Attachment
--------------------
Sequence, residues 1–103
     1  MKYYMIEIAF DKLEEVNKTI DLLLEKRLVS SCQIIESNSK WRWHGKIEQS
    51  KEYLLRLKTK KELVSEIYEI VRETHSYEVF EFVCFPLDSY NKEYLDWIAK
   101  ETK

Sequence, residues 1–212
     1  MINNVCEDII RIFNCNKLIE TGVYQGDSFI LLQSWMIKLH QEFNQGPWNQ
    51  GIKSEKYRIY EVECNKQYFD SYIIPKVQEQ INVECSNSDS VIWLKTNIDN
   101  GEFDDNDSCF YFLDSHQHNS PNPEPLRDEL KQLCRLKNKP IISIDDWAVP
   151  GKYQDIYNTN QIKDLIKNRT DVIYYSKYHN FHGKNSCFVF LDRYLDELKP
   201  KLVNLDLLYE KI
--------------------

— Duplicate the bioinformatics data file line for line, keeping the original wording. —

Sequence, residues 1–103
     1  MKYYMIEIAF DKLEEVNKTI DLLLEKRLVS SCQIIESNSK WRWHGKIEQS
    51  KEYLLRLKTK KELVSEIYEI VRETHSYEVF EFVCFPLDSY NKEYLDWIAK
   101  ETK

Sequence, residues 1–212
     1  MINNVCEDII RIFNCNKLIE TGVYQGDSFI LLQSWMIKLH QEFNQGPWNQ
    51  GIKSEKYRIY EVECNKQYFD SYIIPKVQEQ INVECSNSDS VIWLKTNIDN
   101  GEFDDNDSCF YFLDSHQHNS PNPEPLRDEL KQLCRLKNKP IISIDDWAVP
   151  GKYQDIYNTN QIKDLIKNRT DVIYYSKYHN FHGKNSCFVF LDRYLDELKP
   201  KLVNLDLLYE KI